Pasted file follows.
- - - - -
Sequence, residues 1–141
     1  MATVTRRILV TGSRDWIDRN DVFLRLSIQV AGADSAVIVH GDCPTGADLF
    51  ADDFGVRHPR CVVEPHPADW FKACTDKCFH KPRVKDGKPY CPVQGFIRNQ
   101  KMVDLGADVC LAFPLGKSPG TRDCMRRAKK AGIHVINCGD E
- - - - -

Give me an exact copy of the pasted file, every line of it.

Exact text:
Sequence, residues 1–141
     1  MATVTRRILV TGSRDWIDRN DVFLRLSIQV AGADSAVIVH GDCPTGADLF
    51  ADDFGVRHPR CVVEPHPADW FKACTDKCFH KPRVKDGKPY CPVQGFIRNQ
   101  KMVDLGADVC LAFPLGKSPG TRDCMRRAKK AGIHVINCGD E